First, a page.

*I was introduced to Brene Brown when I stumbled across her TED talk on vulnerability. What she had to say about shame and vulnerability really moved me. I’m in the middle of her book, Daring Greatly, and as I continue to push my comfort zone in pursuit of my dreams, to show up and be seen, I find her message and perspective comforting and inspiring. 

Make a Microwaveable Neck Wrap

I can say with pride that I had a bumper crop of lavender last year. There was enough lavender for me and all of the neighborhood bees this summer. I tried to sell some of it, but still ended up with an abundance. I scored over two quarts of dried buds not including the large bouquets that I dried and strategically placed in different areas of the house in blue mason jar arrangements.

IMG_3314Needless to say, I’m having fun with lavender this winter and you can expect to see a series of posts to come on what I’m doing with all of it. The best part is every time I crack open a jar, the intoxicating smell of sweet lavender gives me a big dose of summer. On these cold winter days, I can use all the reminders I can get.

Got any ideas or favorite ways to use lavender? I’d love to hear them! Leave me a comment and tell me what to do with all of this lavender! I will be grateful!

IMG_3750Microwaveable  Neck Wrap With Lavender

(a.k.a Super Easy, but Awesomely Rewarding Sewing Project)

This project reminds me of my mom. She totally had one of these. For mine though, I used some fun, modern fabric to put my own hip twist on it. This neck wrap consists of two parts: a narrow, rectangular pillow filled with rice and lavender and an exterior sleeve that slips over the pillow like a pillow case, which can then be washed.

Lavender13Step 1: Cut Fabric for Interior Pillow and Exterior Sleeve

For the interior pillow, cut two pieces of fabric, about 19 inches by 4.5 inches.

For the exterior sleeve, cut two pieces of fabric, about 20 inches by 5 inches. I used two different coordinating fabrics for the exterior pillow case.

IMG_3410Step 2: Finish Exterior Sleeve Edges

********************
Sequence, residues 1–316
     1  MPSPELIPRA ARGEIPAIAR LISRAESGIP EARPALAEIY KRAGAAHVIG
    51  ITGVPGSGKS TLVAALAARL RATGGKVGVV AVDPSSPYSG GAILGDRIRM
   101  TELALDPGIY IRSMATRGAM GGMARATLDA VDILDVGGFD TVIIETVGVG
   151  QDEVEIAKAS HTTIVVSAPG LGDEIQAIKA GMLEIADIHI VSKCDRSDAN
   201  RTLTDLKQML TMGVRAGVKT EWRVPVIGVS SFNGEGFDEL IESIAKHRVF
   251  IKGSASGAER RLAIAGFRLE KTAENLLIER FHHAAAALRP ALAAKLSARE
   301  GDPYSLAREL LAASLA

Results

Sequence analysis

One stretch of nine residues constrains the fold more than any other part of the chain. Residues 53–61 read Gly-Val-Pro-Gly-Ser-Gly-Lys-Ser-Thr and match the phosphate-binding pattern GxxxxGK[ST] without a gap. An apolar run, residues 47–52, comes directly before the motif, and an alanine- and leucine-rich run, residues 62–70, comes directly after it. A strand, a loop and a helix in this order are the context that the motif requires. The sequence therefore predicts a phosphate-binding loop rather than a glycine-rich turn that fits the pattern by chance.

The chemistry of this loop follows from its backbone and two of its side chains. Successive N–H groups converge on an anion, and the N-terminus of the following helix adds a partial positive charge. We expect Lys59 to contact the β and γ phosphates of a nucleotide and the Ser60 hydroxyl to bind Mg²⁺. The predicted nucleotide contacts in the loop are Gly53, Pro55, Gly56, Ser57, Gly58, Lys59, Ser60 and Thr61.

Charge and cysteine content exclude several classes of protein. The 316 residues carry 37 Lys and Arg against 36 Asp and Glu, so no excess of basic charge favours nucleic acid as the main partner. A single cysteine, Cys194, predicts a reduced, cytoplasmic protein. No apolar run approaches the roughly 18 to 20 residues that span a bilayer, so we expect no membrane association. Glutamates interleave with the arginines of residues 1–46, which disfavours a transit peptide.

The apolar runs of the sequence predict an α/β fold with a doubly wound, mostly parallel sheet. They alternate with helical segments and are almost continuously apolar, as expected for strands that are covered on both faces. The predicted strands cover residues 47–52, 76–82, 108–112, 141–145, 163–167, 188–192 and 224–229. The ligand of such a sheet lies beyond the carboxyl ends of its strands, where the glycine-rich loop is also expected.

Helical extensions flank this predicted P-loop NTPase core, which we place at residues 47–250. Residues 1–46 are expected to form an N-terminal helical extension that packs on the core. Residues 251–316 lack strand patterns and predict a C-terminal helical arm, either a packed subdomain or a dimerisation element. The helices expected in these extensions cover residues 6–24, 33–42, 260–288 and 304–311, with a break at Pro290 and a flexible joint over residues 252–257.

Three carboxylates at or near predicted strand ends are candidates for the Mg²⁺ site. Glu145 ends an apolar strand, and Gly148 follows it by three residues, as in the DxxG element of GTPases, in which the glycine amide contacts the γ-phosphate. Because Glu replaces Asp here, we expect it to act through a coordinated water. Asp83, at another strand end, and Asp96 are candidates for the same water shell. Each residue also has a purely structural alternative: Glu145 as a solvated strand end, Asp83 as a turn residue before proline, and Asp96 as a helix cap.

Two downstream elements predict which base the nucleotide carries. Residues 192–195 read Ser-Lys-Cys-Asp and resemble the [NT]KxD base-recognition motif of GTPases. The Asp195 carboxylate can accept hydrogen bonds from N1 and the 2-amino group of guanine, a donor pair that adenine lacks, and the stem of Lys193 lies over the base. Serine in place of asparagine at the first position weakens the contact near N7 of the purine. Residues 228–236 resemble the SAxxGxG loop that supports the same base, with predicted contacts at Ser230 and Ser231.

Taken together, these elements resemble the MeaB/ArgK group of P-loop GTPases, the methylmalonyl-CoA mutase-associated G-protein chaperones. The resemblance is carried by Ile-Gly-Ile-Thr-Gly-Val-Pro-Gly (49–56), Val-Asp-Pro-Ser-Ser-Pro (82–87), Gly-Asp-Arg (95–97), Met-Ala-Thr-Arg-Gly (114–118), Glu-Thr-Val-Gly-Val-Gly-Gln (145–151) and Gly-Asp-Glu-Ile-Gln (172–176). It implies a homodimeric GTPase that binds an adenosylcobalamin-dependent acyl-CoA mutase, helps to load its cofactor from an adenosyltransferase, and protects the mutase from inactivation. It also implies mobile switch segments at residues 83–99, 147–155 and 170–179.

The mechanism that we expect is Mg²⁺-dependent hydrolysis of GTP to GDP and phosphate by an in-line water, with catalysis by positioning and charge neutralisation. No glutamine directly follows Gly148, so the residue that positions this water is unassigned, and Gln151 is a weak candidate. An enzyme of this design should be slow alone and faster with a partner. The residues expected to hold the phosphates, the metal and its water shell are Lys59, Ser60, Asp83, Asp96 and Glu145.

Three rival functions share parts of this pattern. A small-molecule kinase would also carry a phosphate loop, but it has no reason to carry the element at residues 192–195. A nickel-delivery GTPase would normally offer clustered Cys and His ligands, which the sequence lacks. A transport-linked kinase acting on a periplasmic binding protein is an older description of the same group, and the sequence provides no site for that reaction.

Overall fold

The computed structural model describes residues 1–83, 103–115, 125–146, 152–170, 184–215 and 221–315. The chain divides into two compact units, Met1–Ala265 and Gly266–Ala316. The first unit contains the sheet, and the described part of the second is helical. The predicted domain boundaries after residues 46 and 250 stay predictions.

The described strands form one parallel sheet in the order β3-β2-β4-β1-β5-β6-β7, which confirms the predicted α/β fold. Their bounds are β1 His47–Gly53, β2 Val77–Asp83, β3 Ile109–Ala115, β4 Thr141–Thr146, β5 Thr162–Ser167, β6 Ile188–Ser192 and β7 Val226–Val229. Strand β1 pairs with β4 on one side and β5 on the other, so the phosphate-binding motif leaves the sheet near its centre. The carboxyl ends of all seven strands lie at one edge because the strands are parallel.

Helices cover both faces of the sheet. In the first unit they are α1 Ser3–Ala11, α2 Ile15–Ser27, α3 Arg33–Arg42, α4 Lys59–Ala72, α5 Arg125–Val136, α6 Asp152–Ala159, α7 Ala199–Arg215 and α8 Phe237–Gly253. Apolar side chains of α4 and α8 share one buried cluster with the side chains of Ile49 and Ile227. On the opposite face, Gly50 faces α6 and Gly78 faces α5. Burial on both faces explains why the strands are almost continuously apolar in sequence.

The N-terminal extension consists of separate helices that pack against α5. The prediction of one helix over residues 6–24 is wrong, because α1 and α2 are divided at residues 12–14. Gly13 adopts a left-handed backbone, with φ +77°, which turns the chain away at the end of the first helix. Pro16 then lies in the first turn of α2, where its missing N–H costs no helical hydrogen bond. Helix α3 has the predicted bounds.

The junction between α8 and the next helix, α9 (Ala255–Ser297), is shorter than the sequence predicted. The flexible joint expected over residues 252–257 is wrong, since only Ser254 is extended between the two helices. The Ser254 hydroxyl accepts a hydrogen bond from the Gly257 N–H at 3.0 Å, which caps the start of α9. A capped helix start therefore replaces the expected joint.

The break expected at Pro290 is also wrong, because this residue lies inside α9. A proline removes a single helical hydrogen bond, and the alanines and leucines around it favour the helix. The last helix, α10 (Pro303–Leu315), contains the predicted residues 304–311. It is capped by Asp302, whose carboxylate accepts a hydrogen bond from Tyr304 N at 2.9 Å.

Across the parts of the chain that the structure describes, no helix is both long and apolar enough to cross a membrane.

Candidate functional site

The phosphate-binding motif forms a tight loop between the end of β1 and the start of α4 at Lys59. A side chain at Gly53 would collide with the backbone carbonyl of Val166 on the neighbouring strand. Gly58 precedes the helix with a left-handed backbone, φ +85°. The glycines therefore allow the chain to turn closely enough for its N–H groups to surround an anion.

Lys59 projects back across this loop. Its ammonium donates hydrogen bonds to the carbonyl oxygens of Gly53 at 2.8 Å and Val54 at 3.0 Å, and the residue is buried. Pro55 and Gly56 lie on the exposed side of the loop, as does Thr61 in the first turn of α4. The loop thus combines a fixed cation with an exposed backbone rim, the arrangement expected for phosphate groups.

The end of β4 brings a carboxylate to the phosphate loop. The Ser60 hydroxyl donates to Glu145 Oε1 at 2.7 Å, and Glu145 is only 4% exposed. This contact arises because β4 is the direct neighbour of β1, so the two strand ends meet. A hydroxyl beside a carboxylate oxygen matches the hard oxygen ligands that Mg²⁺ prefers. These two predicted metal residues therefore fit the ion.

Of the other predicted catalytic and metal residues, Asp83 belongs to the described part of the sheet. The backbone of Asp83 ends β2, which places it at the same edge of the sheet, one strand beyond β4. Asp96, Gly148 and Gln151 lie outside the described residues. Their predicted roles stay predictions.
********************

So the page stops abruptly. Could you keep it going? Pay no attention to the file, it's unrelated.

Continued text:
Take one of the strips of exterior sleeve fabric and finish one of the short sides by using an iron to press the raw edge over and stitching a straight line across to hold it in place. Repeat with the other piece of exterior sleeve fabric.

thumb_IMG_3416_1024Step 3: Add Velcro to the Inside of the Exterior Sleeve

Along the finished edge you just created, on the backside of the fabric, add once piece of Velcro. Repeat with the other piece of velcro on the other piece of fabric. I used iron-on velcro in order for the outside of the sleeve to be mostly seamless. Plus, the brand of velcro I used said it strengthens when washed. Bonus!

thumb_IMG_3417_1024Step 4: Sew Together the Exterior Sleeve

With the right sides pinned together, sew the three sides of the exterior sleeve, leaving the velcro side open and obviously, unstitched. Turn inside out to end up with the finished pillow case.

IMG_3743Step 5: Sew Together the Interior Pillow

With the right sides of the interior pillow fabric pinned together, sew along three sides like you did with the exterior pillow case. Since this part will be hidden inside of the pillow case, I left the fourth edge rough rather than finishing it like I did the exterior pieces.

thumb_IMG_3418_1024Step 6: Fill the Pillow

Fill up the pillow 2/3 of the way full with rice. I held the opening of the pillow around the bottom of a canning funnel, which worked wonders for filling. For every couple of handfuls of rice, I added a spoonful or two of lavender buds. This is personal preference. I love the smell of lavender, so I was pretty liberal with the buds I added. I love how peaceful and calm it makes me feel when I use this at night.

No dried lavender buds? No problem! Add a few drops of whatever essential oil you love into the rice and mix it around before you fill the pillow.

thumb_IMG_3420_1024Step 7: Stitch Close the Top of the Pillow

Once filled, stitch across the top to close. Placing the stitches on the outside of the pillow makes it easier to rip out the seam when you’re ready to replace the filling, which should probably be done every six months or so, depending on how much you use it. That way, you can discard the filling, wash the case, refill and stitch it up again!

IMG_3427Step 8: Heat Up and Relax!

Place the pillow in your microwave for 90 seconds. If you want it hotter, continue heating in 30 second increments, checking often. It never feels very hot when I first take it out of the microwave, but always seems to be perfect when I put it around my neck after 90 seconds. Just try it out and see what works best for you! Slip the pillow in the pillow case, put around your neck and chill while your neck gets some much-needed TLC.